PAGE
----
Yeah. Yeah, his focus in terms of the gameplay stuff has always been about killing other players. Elimination mode was his idea, the mechanics in terms of messing with other people – they’re all ideas that have come from him, because that’s what he likes. He just likes trolling.


It’s a pretty simply art style, which I guess came about from its game jam origins, was there ever an idea to change that along the way?


Not really, after game jam, we were like, “Oh, we’ll just have two different sprites, one for holding a block, and one for normal.” Then we had a little animation for running and jumping, but then we decided, “eeeeehhh, let’s not change it.” At the start though, it was just a cheap way of doing it, but after seeing how it looked, and seeing how the game played with it, we were all pretty settled on the idea as an aesthetic. It’s got a certain charm to it in its cheapness, and it just means we can add so many characters – for each apocalypse we can add so many characters, it doesn’t take the artists long at all.


How long would you say it does take to create each mode, and what goes into coming up with new concepts?


Coming up with a concept is kind of interesting, we try to figure out what the game is missing. One of the things we figured that the game was missing was decent single player, so the survival mode is there and it’s an okay single player mode, but it’s not the best. So, one of the things we’re working on at the moment is a new mode called “Rescue,” in a building that just keeps going up vertically, and there are little cats and puppies that you have to pick up and throw out the window into a rescue helicopter. So, you kind of work your way up the building, still like survival mode, but you’ve actually got to rescue these little animals. And if you miss your throw, they end up burning in the lava.


Jesus, that’s horrific.


It is horrific, but it’s also kind of funny, like, just the player guilt from it. And that mode we actually wrote on the fly, so it only took me about a day to write while on a plane coming back from the states. So, writing the mode isn’t too difficult, after that it’s sort of just fleshing out what other stuff we want to be part of it. Like, in Survival mode we’re still adding different sections, we recently added lavaballs that pop out of them, or sections that just have pools of lava sitting in them, so the lava doesn’t actually have to be rising to still be a hazard. So, yeah, generally we can get a mode up in a couple of days, or a week, and after that it’s just refining it until we have what we like, and the ideas come from whatever we think the game is lacking.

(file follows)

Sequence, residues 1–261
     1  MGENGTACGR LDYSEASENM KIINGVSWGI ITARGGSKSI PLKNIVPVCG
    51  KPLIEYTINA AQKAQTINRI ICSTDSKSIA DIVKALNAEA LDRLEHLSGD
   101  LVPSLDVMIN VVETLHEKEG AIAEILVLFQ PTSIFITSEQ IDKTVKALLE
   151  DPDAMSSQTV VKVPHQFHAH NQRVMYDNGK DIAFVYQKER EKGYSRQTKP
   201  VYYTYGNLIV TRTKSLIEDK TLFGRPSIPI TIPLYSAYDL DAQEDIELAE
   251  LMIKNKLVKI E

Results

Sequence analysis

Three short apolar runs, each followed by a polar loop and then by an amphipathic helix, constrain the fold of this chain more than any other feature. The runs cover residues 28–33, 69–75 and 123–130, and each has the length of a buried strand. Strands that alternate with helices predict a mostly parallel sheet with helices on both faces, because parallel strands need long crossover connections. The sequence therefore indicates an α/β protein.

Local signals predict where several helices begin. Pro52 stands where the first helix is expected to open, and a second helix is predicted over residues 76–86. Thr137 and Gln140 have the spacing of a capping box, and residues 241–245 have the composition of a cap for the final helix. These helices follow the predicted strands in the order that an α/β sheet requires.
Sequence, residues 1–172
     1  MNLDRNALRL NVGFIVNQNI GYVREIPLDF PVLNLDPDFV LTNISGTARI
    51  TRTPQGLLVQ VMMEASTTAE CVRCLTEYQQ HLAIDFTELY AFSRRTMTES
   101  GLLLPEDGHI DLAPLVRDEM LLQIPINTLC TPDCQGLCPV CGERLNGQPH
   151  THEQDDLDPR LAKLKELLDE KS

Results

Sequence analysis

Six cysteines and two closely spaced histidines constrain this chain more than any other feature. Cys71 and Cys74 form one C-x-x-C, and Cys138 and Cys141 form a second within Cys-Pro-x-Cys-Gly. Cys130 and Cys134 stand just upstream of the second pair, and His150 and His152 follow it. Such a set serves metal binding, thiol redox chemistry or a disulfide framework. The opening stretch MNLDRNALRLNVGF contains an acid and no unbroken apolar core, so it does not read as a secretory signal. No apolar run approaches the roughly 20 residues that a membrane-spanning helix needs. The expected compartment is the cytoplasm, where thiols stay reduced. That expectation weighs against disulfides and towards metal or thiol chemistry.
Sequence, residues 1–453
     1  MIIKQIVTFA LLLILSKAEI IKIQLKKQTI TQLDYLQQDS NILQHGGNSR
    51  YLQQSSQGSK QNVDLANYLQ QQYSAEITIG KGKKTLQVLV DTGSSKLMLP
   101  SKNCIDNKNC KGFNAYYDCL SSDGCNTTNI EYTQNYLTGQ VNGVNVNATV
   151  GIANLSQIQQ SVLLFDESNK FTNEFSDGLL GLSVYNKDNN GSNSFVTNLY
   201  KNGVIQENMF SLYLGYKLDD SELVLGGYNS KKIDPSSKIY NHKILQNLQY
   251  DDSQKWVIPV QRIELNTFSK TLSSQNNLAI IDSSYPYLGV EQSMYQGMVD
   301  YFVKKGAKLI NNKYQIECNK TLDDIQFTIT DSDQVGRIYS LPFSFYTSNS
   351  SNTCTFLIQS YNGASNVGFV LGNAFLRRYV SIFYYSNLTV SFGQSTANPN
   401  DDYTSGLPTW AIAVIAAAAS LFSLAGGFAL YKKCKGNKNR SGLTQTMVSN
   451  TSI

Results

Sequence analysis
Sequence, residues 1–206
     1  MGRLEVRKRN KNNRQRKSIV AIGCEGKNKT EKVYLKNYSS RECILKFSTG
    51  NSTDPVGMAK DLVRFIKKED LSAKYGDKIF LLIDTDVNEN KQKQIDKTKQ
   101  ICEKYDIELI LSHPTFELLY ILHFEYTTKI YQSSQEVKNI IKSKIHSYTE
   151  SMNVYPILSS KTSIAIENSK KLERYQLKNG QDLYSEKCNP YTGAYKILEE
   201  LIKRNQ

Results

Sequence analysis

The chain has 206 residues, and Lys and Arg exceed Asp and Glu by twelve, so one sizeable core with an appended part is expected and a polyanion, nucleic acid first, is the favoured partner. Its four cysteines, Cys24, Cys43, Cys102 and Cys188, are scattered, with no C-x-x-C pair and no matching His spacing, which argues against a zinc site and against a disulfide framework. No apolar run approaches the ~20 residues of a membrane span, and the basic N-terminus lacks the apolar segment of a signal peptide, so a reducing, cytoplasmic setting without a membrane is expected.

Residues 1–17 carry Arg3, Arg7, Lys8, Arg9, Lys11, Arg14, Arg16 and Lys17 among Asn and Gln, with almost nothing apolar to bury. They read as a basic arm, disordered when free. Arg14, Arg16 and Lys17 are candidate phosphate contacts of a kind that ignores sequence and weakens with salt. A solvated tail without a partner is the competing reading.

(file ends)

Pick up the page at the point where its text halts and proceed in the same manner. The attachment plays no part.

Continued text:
As the coder for the project, what’s been the most challenging aspect for you?


Definitely online. Just online play has been the hardest part. If we’d stuck to local multiplayer, we’d have waaay more content in, but online has taken up a lot of time. It’s not just the networking code, it’s also setting up the Steam lobbies, and having that whole process where you can invite your friend, having them just drop into the game, that’s definitely been the hardest.


Just on that, what’s the process like for setting up the capabilities of online play? Do you utlilise Steam servers, do you have your own setup somehow, or are you using something else?


So, we’re using peer-to-peer networking, which has also made it kind of a bit harder, so we haven’t had to setup any servers because any of the players can be the host. But we might need to setup a server soon for a NAT punchthrough server. In terms of the lobbies, and the Steam groups and that, that’s all hosted by Steam. So, you can get a plugin for Unity that’s like a C# (C-sharp) rapid for the Steam library, and you can just plug straight into Steam’s matchmaking service. Originally we did have matchmaking in the game, but we kind of figured that, on launch, there might not be that many players, and you’d get paired with players from around the globe, so we just went with private lobbies. But yeah, Steam provides all that.


So, is there anything in particular that isn’t in the game yet that you want to be implemented before it fully releases?


Definitely the zombie apocalypse, the alien infestation apocalypse, the rescue mode, and then we’ve also got a mode that was kind of inspired by Tricky Towers. So, we have two teams just building up while the lava rises, or the threat rises, and you just keep building up. Then you get rocket blocks along the way that you can just lob at one another to try and destroy each other’s tower, kind of like a two versus two building competition. That’s on the list of two modes that we want to put in, but that one’s looking like it will be more likely.

Here are some other places where you can show your support for Blockpocalypse:

Early Access: Blockpocalypse Early Access

Patrick Waring

Patrick Waring

Executive Editor at GameCloud
A lifelong Perthian, Paddy is a grumpy old man in a sort-of-young body, shaking his virtual cane at the Fortnites and Robloxes of the day. Aside from playing video games, he likes to paint little mans and put pen to paper, which some have described as writing. He doesn't go outside at all anymore.